Another study by Bessisow et al[49] showed a frequency of NAFLD in IBD of 33.6% and demonstrated that disease activity, duration of IBD and prior surgery were predictors of NAFLD development.

Conversely, in a Japanese study[50], the ultrasonographic prevalence of NAFLD in CD was 21.8% and this was the only study in which NAFLD was identified as an independent predictor of a negative C-reactive protein level and higher rate of remission, so NAFLD might offer a protective effect in patients with CD.

Nevertheless, most studies did not include non-IBD patients as a control group.

Glassner et al[51] examined 3 groups of patients: IBD + NAFLD, IBD alone, and NAFLD alone. A total of 168 patients were evaluated, 56 patients in each group. They found an overall NAFLD prevalence of 13.3% in IBD patients. IBD patients with NAFLD had longer IBD disease duration and developed NAFLD even in the absence of metabolic risk factors when compared to patients with NAFLD alone.

A study performed in 2018 by Principi et al[52] included 465 IBD patients and 223 non-IBD patients. The prevalence of NAFLD was higher in IBD than in non-IBD patients (28.0% vs 20.1% respectively, P = 0.04); furthermore, younger age was observed in NAFLD-IBD than in non-IBD individuals, whereas no other differences were found between these two subgroups. Regarding risk factors, diabetes and fasting blood glucose were associated with development of NAFLD in IBD, without any difference in the populations without IBD, with only a higher waist circumference in IBD compared to non-IBD patients. No IBD-related variable was associated with NAFLD.

There are no studies on the progression of NASH in IBD. However, since IBD may induce gut barrier perturbation and an increase in toxin and bacterial translocation, it is possible that in patients with NAFLD, the coexistence of IBD can trigger the progression from simple steatosis to NASH. A single study, on the other hand, has shown that progression of fibrosis, estimated by the NAFLD fibrosis score, is quite rare in IBD[53].

In conclusion, NAFLD is common in patients with IBD. Screening, prevention, and early treatment of NAFLD might be recommended in IBD patients. However, a better understanding of the underlying mechanism of the coexistence of IBD and NAFLD is necessary to improve management. The treatment of NAFLD in IBD does not differ from other cases. In particular, so far only diet and physical exercise have been proved to be effective[54].


Chronic viral hepatitis, in particular HBV and HCV-related, is a very common infection and a worldwide health issue. It is estimated that over 350 million people in the world have chronic HBV infection and over 250 million people have chronic HCV infection, with a mean prevalence of 5% and 2% for HBV and HCV, respectively[55,56].

With regard to the prevalence of chronic hepatitis B (CHB) and chronic hepatitis C (CHC) in IBD, recent evidence[57-61] shows that it was comparable to a control population, ranging from 1% to 9%. A recent Italian study by Losurdo et al[62] on 807 IBD patients and 189 controls, found a prevalence of 3.4% for CHC and 0.9% for CHB, a result which agrees with recent literature reports[57,58,61]. This analysis demonstrated that advanced age was independently associated with increased risk of CHB/CHC. It is possible that surgery performed before the diffusion of presurgical hepatitis screening could explain this result, also taking into account that CHC was more common in patients operated before 1990. Indeed, the introduction of the HBV vaccine and HCV routine detection led to an improvement in the prevention measures against viral hepatitis transmission during surgery or blood donation, thus reducing the risk of infection in young generations[62].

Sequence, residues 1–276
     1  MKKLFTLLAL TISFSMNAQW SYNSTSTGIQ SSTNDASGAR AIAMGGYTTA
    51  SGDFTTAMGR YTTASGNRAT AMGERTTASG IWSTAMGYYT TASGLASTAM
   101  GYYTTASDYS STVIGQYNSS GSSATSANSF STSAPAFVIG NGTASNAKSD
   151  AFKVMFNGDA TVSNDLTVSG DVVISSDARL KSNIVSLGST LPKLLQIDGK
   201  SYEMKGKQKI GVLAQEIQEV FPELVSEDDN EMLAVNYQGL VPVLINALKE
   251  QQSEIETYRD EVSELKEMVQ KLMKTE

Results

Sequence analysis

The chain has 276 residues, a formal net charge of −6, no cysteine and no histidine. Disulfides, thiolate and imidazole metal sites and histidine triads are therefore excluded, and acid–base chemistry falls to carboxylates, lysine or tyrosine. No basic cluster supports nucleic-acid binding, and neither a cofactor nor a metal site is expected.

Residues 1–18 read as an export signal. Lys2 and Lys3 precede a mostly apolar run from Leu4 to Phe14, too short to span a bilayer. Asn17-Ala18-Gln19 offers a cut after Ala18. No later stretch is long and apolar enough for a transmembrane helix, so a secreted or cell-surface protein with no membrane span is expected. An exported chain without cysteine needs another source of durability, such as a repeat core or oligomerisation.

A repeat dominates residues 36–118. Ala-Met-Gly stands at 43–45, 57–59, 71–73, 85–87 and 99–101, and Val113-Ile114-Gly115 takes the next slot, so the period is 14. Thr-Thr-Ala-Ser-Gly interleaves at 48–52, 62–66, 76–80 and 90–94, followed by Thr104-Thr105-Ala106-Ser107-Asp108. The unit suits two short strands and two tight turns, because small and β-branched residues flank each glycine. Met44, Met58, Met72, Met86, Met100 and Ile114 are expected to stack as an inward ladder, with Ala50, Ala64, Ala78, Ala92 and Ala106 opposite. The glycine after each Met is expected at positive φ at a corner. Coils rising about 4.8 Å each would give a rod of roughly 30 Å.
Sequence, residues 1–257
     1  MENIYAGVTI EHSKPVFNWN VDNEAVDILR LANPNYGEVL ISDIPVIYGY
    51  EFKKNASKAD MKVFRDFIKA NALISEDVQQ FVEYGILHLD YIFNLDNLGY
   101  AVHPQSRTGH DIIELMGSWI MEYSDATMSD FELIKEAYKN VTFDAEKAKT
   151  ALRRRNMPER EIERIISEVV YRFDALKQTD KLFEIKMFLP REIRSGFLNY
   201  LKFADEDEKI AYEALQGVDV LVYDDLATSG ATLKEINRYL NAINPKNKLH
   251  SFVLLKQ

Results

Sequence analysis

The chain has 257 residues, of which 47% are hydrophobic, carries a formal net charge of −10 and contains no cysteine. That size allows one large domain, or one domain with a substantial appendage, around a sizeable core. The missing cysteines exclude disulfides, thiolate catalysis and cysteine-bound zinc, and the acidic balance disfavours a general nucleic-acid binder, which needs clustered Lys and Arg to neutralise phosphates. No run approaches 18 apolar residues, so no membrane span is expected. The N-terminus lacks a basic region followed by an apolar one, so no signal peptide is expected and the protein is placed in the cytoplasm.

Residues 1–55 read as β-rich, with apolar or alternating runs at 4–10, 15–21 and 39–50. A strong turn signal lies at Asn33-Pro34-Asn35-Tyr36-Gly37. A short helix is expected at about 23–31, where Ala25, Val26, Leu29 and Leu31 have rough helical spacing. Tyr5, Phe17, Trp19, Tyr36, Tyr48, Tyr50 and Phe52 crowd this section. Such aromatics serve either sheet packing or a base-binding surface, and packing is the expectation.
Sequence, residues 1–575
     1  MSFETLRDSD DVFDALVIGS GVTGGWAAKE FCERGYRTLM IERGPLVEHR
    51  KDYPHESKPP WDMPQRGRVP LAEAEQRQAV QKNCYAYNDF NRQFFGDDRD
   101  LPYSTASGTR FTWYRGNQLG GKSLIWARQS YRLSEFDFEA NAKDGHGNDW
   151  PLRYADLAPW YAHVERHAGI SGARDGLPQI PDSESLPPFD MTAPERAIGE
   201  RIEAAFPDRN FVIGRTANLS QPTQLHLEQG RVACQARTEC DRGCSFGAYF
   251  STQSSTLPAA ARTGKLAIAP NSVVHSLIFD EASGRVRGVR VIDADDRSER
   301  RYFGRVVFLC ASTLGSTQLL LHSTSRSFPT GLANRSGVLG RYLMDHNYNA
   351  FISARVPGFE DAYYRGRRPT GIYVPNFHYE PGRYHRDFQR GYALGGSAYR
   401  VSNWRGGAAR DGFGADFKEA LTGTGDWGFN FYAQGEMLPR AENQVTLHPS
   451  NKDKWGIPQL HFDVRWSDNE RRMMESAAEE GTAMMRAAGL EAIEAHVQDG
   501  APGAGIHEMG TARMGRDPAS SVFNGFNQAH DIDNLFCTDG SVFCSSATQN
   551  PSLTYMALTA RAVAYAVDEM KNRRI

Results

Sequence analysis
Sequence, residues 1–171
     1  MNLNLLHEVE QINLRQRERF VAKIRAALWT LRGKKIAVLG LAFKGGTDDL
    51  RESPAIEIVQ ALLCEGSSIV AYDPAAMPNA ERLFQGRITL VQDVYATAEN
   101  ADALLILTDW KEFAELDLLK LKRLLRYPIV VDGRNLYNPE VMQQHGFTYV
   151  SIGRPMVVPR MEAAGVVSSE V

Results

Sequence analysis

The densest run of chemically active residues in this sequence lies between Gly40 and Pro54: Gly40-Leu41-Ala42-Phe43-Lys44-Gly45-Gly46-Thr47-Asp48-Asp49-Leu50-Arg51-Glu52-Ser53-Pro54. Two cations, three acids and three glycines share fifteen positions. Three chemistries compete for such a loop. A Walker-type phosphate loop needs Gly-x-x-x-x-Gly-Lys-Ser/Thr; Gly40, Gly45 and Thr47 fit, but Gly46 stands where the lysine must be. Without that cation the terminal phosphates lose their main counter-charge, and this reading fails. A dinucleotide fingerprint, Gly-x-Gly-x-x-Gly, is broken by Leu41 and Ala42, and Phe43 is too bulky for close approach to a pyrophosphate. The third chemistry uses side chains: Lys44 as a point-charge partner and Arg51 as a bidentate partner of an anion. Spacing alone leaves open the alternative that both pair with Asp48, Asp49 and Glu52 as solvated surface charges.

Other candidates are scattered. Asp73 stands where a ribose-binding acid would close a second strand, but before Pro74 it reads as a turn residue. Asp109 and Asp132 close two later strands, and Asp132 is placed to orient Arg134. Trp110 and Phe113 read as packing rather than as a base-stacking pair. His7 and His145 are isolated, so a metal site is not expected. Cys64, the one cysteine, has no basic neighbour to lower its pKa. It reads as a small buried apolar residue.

As the treatment of IBD is based in selected cases on immunosuppressive agents (thiopurines and biologic drugs such as monoclonal antibodies), an accurate clinical and laboratory assessment is preliminarily required to look for chronic infections that may have a severe flare under biologic drugs[57,63]. Among these, chronic viral hepatitis and in particular CHB and CHC, are advised to be investigated by the guidelines before starting immunosuppressive treatment[64].

According to the guidelines, all IBD patients should be tested for HBV (HBsAg, anti-HBs, anti-HBc) at diagnosis of IBD to determine HBV status. In patients with positive HBsAg, viremia (HBV-DNA) should also be quantified. Moreover, HBV vaccination is recommended in all HBV anti-HBc seronegative patients with IBD. All HBsAg positive subjects should start anti-viral agents before undergoing biologic treatment to prevent potentially serious hepatitis B flares[64,65]. A number of case series and study cohorts suggest that nucleotide/nucleoside analogues are safe and effective in IBD patients on immunomodulator treatment[66]. Entecavir and tenofovir are preferred for IBD patients due to their rapid onset of action, high anti-viral potency and low incidence of resistance. On the other hand, patients with HBsAg positive (chronic HBV infection) should receive anti-viral agents before, during and for at least 12 mo after immunomodulator treatment has ceased[64]. Additionally, HBV vaccination is strongly advised by the guidelines, possibly before starting any immunosuppressive treatment and preferably at the moment of diagnosis, if anti-HBs level is not protective. This approach should be followed in any region, irrespective of HBV prevalence.